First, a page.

The Consummate Role Player
SEPTEMBER 01, 1984 by RIDGWAY K. FOLEY JR.
Mr. Foley, a partner in Schwabe, Williamson, Wyatt, Moore & Roberts, practices law in Portland, Oregon.
Modern culture embraces fatuous men and women made popular by the inept and dismal creators and patrons of alluring yet banal attractions. Those who establish fashion, by means of news stories or events, focus the attention of the adoring multitude upon sportsmen and mu sicians, actors and politicians, often inventing a larger-than-life montage of mere individuals who, upon cursory analysis, leave a great deal to be desired as human beings. Occasionally, this fascination of the prosaic obscures a remarkable person, one who, in an age devoid of heroes, deserves accolades and applause. If requested, I think I should nominate one such man, Corky Calhoun, as the pre-eminent sportsman of this past decade, not so much for his athletic accomplishments as for his demeanor on the court and his apparent comprehension of a lesson worthwhile for all of us to learn and apply in every function and post in life.
It requires a true afficionado of sport even to recall Corky Calhoun. He was the last man off the bench on a wondrous basketball team which, for a season and one-half, played Cinderella in charming fashion and transformed my tranquil home town at the confluence of the Columbia and Willamette Rivers into a cacophony of cheers and pride.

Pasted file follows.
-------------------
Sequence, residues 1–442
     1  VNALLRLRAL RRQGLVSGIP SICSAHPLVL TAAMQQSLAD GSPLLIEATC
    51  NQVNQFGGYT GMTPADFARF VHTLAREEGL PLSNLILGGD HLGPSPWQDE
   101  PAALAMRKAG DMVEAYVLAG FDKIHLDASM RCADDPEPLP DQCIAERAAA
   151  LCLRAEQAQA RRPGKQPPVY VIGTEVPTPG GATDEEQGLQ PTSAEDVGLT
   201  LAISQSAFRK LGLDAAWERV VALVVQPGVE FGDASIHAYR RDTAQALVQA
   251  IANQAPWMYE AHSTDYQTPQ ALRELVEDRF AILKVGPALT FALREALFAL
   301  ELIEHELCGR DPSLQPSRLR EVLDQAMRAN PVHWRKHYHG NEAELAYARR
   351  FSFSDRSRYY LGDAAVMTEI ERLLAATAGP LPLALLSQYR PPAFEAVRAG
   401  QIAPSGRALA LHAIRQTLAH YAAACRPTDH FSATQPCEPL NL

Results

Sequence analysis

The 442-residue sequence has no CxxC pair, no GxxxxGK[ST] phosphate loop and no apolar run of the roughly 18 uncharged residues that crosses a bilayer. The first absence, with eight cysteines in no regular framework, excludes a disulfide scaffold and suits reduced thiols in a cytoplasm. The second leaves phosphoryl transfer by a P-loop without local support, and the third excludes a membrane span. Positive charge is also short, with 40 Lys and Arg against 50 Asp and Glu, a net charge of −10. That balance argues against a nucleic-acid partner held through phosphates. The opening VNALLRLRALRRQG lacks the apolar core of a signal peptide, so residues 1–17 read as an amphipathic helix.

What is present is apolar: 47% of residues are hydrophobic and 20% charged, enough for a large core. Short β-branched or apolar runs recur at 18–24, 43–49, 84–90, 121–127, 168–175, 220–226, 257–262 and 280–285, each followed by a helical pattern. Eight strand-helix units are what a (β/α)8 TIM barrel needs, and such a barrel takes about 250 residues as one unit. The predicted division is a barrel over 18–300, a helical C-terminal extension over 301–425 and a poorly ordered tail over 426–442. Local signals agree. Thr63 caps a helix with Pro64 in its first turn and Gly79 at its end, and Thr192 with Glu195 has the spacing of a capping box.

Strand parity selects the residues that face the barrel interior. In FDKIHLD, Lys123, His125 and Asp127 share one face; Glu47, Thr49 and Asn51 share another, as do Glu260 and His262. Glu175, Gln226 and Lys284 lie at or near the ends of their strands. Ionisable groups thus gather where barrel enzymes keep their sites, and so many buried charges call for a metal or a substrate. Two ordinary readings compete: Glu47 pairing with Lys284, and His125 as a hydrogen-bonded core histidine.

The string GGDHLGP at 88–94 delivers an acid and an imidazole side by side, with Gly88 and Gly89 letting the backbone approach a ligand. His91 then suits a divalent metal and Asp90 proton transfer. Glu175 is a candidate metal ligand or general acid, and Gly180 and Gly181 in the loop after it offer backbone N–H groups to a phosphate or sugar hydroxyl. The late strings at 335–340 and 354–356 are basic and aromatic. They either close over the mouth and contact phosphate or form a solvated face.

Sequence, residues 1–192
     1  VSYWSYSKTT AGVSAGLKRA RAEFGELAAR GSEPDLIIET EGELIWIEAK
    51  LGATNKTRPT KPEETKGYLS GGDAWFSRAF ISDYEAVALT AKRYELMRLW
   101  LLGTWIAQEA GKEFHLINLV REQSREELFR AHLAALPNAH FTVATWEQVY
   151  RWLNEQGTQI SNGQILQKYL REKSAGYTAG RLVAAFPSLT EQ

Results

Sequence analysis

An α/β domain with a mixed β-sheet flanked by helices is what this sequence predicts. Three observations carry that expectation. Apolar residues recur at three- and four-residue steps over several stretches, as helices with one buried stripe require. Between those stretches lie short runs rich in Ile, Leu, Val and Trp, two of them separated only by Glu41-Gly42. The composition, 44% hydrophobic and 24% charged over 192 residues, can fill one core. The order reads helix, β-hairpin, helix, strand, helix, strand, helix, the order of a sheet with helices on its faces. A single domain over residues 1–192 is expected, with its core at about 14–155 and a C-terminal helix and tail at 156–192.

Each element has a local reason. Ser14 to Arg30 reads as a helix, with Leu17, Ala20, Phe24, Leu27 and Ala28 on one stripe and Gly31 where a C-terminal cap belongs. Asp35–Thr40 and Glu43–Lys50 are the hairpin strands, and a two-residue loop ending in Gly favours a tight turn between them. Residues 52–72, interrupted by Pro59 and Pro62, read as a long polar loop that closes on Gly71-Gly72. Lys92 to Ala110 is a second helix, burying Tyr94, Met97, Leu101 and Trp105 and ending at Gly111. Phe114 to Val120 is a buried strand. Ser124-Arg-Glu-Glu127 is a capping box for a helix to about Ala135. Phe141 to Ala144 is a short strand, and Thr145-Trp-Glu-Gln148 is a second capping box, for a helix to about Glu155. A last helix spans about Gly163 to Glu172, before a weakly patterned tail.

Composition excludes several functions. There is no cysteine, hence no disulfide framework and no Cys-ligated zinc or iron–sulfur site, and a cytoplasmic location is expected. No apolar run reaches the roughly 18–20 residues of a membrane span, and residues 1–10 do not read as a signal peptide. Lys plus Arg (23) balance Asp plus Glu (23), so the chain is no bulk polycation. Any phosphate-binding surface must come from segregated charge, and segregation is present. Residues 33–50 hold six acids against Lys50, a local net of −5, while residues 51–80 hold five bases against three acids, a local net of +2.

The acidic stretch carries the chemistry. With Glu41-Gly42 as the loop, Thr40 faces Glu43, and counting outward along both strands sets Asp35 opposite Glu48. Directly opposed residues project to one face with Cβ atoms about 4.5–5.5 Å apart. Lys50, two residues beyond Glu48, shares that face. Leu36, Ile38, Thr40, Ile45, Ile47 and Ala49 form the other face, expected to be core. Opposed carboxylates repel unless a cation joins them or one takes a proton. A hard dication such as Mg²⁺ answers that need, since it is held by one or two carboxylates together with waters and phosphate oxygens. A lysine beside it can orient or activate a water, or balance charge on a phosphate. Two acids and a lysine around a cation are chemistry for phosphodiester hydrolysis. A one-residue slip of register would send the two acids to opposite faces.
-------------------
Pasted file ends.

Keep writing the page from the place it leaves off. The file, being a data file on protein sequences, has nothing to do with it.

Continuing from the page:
The National Basketball Association’s Portland Trailblazers, a sorry expansion club in 1970, suddenly became a “team” in the finest sense of the word during the 1976-77 season. In a sport dominated by alleged superstars, often intent on individual accomplishment at the expense of others, an experienced coach (possessed of a Ph.D., no less) molded twelve players into a unit which rose to collect the crown and rule the sport for two-thirds of the ensuing year, until injuries felled all hopes for a dynasty.
The denizens who determine the existence and content of common heroes enjoyed a plethora of riches on this Blazer team: A colorfully-attired coach; a red-haired, deft-passing flower child at center; a muscular forward escapee from the late, unlamented American Basketball Association; a courageous blond Lilliputian in the land of giants; a speedy rookie from Dayton who blossomed in the spring; two men named Neal and Steele, first off the bench and capable of starting for almost any other club; and other individuals too numerous to mention; all welded into an entity which meshed like fine gears in a sonorous machine.